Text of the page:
Britain's Prime Minister Cameron greets Afghanistan's President Karzai outside Downing Street in central London
Britain's Prime Minister David Cameron (L) greets Afghanistan's President Hamid Karzai outside Downing Street ,in central London Reuters

Last week, the Daily Telegraph revealed that David Cameron has ordered British commanders to draw up plans to start pulling hundreds of British troops out of Afghanistan within weeks, triggering a row with military chiefs who do not approve of the Prime Minister's new strategy.

Mr Cameron had previously declared that Britain's combat mission in Afghanistan must end by 2014, pre-empting the need for an early removal of the troops. It seems that the killing of Osama bin Laden in Pakistan may have impacted on the Prime minister's view of what policy the government should apply with regards to Afghanistan by increasing a sense of urgency about ending the Afghan mission The plan is apparently to start the removal of troops by this summer, at the same time the US will start reducing its troop numbers.

The main argument against Cameron's decision is driven by the fear that a premature removal of British troops could highly hinder the counter-insurgency mission led in Afghanistan, thus enhancing the Taliban's influence throughout the country. Detractors regret that Cameron's decision seems to be more political than strategic. In addition to Bin Laden's death, the number of British troops deaths in Afghanistan, which amount to 364, have also played a key role. Since the beginning of the operation in 2001, public opinion and support for the mission has decreased considerably as the British death toll increased.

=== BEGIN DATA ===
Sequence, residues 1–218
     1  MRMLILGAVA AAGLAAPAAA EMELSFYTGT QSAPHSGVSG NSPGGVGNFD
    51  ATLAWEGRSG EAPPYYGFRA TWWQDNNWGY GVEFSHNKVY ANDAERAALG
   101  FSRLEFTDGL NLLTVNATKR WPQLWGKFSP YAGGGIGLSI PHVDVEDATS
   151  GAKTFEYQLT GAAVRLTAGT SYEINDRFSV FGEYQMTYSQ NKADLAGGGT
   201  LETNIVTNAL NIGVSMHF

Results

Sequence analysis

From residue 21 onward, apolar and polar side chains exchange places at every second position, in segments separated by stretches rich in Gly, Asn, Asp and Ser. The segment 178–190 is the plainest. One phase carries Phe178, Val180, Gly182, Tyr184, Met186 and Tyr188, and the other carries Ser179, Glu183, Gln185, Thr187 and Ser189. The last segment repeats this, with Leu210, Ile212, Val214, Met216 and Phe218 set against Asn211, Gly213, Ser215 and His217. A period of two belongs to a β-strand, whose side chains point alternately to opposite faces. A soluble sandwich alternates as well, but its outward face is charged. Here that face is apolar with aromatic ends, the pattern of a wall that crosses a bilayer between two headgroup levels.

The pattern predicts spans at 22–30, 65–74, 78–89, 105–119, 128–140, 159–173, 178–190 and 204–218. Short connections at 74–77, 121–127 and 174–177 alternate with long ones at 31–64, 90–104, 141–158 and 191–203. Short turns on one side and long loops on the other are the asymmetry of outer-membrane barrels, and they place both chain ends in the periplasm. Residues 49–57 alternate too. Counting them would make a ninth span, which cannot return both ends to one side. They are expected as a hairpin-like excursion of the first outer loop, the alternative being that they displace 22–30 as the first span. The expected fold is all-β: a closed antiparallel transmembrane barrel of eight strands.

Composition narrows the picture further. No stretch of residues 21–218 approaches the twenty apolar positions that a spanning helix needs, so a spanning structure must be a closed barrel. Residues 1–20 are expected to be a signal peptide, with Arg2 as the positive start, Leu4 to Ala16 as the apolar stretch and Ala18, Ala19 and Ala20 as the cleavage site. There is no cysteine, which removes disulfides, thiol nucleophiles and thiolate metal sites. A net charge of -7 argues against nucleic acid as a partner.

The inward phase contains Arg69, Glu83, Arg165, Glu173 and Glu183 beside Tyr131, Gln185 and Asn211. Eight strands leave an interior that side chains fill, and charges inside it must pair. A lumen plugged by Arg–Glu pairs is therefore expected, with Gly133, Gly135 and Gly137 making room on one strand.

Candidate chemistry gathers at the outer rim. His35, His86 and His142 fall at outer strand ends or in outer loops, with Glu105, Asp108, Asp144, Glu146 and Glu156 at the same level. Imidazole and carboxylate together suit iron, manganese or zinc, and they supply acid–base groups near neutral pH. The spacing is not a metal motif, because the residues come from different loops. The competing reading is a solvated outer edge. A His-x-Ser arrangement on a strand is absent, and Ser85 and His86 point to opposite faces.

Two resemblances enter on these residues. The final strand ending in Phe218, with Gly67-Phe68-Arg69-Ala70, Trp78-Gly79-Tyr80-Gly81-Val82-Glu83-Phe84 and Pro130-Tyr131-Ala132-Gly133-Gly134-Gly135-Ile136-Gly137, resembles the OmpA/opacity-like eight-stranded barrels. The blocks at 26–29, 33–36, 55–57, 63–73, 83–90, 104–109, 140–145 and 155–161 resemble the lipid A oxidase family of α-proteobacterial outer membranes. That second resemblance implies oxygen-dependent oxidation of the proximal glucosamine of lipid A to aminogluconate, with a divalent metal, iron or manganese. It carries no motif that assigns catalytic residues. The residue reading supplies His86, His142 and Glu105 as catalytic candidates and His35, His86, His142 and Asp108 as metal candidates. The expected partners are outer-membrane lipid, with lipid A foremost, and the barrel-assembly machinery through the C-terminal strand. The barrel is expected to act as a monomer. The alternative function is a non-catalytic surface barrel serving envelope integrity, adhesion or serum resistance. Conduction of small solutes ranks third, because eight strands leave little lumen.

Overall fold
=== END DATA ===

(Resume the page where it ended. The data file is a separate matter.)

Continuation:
According to Whitehall sources however, defence chiefs, led by Gen Sir David Richards, the Chief of the Defence Staff, are determined to challenge Mr Cameron's calls to reduce the size of the current deployment, insisting on the need for troop density not to be reduced.

The divergence of opinion between Cameron and the defence chiefs will mostly lead to the deference of a possible withdrawal as a consensus must first be reached. A way the chiefs would be willing to compromise is to see how the reduction of British personnel could focus on cooks or administrative personnel rather than on the combat force itself.

Meanwhile in the US, senior American military figures have warned Britain that a hasty exit from Afghanistan could strain relations between the two countries as at a time when American generals are fighting increasing political pressure to reduce US troop numbers, the prospect of an imminent British withdrawal is certainly not perceived as good news.

Confirming that a debate is taking place behind the scenes, a senior Whitehall official said: "There is a very active conversation going on. On the one side there is the military concern about force density and continuing the mission, and on the other side is the PM's political imperative for some sort of announcement on draw-down."